Genetic factors in depression, neuroticism and well-being

Raining DNA

Depressive and neurotic behaviours have many potential triggers and contributory factors, but few associated genetic variants have been found, most likely due to the large numbers of subjects needed: Genome-Wide Association Studies (GWAS) require large sample sizes to have sufficient statistical power, which is often achieved by aggregating results in multiple cohorts in a meta-analysis. A paper to be published in Nature Genetics in June 2016 [1] reports on the results of combining several large conducted on three phenotypes:

  • subjective well-being (n = 298,420)
  • depressive symptoms (n = 161,460)
  • neuroticism (n = 170,911).

Using a meta-analysis on publicly available results from a study performed by the Psychiatric Genomics Consortium together with new results from analyses of the initial release of UK Biobank (UKB) data and the Resource for Genetic Epidemiology Research on Aging cohort, two variants were found to be associated with depressive symptoms. In the UKB cohort  the researchers measured depressive symptoms by combining responses to two questions asked of 23andMe customers with European ancestry. The questionnaire asked about the frequency in the past 2 weeks with which the respondent experienced feelings of low levels of enthusiasm or disinterest, and feelings of depression or hopelessness. The other cohorts included case-control data on major depressive disorder.

According to Eysenck and Eysenck, [2] neurotic people become easily nervous or upset due to a lowered activation threshold in the sympathetic nervous system, and experience emotional instability in the form of fight-or-flight symptoms resulting from apparently minor stressors. Using twin studies, Eysenck concluded that, “the factor of neuroticism is not a statistical artefact, but constitutes a biological unit which is inherited as a whole….neurotic predisposition is to a large extent hereditarily determined.” [3]

To analyse this potential genetic association with neuroticism (n = 170,911), the research combined statistics from a published study by the Genetics of Personality Consortium (GPC) with results from a new analysis of UKB data. Eleven variants were found to be associated with neuroticism. The GPC data harmonised different neuroticism batteries, and in the UKB cohort the measure was the respondent’s score on a 12-item version of the Eysenck Personality Inventory Neuroticism.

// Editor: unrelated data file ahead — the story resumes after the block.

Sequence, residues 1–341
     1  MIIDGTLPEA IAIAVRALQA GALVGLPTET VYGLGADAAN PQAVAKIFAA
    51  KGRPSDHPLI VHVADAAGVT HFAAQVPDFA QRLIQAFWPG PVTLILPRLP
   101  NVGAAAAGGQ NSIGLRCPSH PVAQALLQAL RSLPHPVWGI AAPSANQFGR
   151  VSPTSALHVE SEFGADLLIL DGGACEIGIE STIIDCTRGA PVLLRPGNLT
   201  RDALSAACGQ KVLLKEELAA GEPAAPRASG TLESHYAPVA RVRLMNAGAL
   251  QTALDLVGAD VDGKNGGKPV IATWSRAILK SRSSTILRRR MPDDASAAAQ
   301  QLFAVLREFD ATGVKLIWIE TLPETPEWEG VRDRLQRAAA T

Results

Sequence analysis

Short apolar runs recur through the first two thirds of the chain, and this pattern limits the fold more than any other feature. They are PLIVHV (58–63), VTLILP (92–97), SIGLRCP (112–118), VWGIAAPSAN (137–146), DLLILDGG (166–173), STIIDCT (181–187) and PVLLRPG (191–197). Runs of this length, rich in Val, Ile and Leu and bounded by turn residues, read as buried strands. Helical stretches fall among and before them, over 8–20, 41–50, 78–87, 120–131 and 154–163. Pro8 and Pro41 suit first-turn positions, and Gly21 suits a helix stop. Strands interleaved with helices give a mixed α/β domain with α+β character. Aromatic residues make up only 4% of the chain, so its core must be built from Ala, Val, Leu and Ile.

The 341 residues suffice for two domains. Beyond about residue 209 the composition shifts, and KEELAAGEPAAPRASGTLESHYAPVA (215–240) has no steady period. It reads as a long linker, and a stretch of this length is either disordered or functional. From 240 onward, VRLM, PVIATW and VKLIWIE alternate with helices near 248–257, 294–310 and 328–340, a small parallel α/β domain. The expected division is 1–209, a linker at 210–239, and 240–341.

This was also the first study to find SNPS that have a significant association with subjective well-being, of which the researchers identified three relevant variants. Questionnaires measured both positive affect (a state of pleasant arousal enthusiasm) and life satisfaction, even though these are different concepts of well-being.

The SNPs in this study were found mainly in loci regulating expression in tissues of the central nervous system, adrenals or pancreas, including CSE1L , DCC , HNRNPA1P1, KSR2, MTCH2 NMUR2  PAFAH1B1 and RAPGEF6. Previous studies had found a relevant variant in MAGI1, accounting for approximately 15% of the variability in neuroticism, [4] as well as SNPs in TMPRSS9 and GRIN2B. [5]

23andMe typically reports on up to six of the SNPs in this study related to neuroticism and two related to depression. Two algorithms in the Opus 23 Pro [6] Lumen app can determine the relevant genotypes for these phenotypes from SNPs available in 23andMe raw data.


  1. Okbay A, Baselmans BM, De Neve JE, et. al. Genetic variants associated with subjective well-being, depressive symptoms, and neuroticism identified through genome-wide analyses. Nat Genet. 2016 Jun;48(6):624-33. doi:10.1038/ng.3552. PMID: 27089181.
  2. Eysenck, H. J. & Eysenck, S. B. G. (1969). Personality Structure and Measurement. London: Routledge.
  3. The Journal of Mental Health, July 1951, Vol. XCVII, “The Inheritance of Neuroticism: An Experimental Study”, H. J. Eysenck and D. B. Prell, p. 402.
  4. Genetics of Personality Consortium, de Moor MH, van den Berg SM, et. al. Meta-analysis of Genome-wide Association Studies for Neuroticism, and the Polygenic Association With Major Depressive Disorder. JAMA Psychiatry. 2015 Jul;72(7):642-50. doi:10.1001/jamapsychiatry.2015.0554. [PMID: 25993607].
  5. Aragam N, Wang KS, Anderson JL, Liu X. TMPRSS9 and GRIN2B are associated with neuroticism: a genome-wide association study in a European sample. J Mol Neurosci. 2013 Jun;50(2):250-6. doi: 10.1007/s12031-012-9931-1. [PMID: 23229837].
  6. Opus 23 Pro software by Dr Peter D’Adamo.